In Rust, we have a separate syntax for closures. In Perl, we re-use sub. For example, we can create an anonymous subroutine and call it like so.

my $greet2 = sub($name) {say "Hello, $name!"};


The subroutine itself doesn't have a name. $greet2 is an ordinary Perl scalar that holds a coderef. The same thing in Rust looks like this.

fn main() {
let greet2 = |name| {println!("Hello, {}!", name)};


The name of the variable goes between those two pipes. You can think of both pipes as the lambda in lambda calculus (so |name| is like λ name). This is similar to the Ruby syntax, except in Rust the pipes go on the outside of the block and in Ruby they go on the inside. Ironically, this probably means that you are going to type it wrong a lot if you are familiar with Ruby, but you will learn it quickly and easily if you have never seen anything like it before. Seems kind of unfair!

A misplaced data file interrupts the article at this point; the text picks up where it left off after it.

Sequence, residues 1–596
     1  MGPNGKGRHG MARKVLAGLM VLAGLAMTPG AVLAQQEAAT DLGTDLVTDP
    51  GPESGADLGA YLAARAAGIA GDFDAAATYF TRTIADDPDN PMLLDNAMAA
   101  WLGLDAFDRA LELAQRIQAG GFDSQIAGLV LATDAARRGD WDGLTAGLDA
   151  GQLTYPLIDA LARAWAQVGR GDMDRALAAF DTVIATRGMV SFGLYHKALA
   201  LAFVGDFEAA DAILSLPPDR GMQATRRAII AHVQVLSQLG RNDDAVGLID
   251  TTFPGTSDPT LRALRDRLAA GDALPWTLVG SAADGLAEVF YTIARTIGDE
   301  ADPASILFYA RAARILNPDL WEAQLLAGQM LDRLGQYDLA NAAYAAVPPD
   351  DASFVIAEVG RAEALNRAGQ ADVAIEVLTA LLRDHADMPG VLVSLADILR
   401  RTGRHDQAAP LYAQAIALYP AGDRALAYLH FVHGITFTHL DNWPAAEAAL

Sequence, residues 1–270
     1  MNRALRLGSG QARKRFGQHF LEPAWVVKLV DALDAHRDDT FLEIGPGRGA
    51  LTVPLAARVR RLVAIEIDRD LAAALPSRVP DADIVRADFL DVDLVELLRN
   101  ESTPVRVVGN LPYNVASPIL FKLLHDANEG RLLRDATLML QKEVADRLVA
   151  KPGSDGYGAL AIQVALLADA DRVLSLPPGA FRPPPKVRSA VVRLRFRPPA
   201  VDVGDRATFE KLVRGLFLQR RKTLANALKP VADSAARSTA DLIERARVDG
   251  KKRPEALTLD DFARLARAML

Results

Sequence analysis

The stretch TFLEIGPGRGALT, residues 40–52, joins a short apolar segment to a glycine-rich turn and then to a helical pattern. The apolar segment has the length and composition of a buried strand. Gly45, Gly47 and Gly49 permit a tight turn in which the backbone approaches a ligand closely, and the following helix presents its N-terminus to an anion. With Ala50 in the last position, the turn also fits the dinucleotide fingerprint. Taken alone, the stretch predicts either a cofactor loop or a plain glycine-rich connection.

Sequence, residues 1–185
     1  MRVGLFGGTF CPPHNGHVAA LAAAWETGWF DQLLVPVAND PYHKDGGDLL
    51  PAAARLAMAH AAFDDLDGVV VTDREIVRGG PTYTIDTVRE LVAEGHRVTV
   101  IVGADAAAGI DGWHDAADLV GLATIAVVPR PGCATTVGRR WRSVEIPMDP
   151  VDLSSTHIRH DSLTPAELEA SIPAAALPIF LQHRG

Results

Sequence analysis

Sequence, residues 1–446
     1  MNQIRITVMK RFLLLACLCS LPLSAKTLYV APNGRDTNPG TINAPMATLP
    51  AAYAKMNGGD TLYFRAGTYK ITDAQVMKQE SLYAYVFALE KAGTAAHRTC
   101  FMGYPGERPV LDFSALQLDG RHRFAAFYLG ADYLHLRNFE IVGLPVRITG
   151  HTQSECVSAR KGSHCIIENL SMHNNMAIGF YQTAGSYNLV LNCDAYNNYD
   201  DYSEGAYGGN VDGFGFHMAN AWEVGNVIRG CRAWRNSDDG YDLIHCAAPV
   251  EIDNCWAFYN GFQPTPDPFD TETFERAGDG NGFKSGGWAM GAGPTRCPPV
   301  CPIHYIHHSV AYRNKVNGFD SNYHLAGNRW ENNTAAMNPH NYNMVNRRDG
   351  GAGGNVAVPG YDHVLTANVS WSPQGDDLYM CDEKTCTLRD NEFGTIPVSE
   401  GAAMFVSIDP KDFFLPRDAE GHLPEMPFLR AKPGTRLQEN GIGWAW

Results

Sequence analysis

We can also access variables in the outer scope. In Perl, an alternative way to write the above is

my $name = "Tim";
my $greet3 = sub {say "Hello, $name!"};

Here the anonymous subroutine takes no argument. It is accessing the $name variable in the outer scope. In Rust, we have just the two pipes with nothing between.

fn main() {
let name = "Tim";
let greet3 = || {println!("Hello, {}!", name)};

All of the above print

Hello, Tim!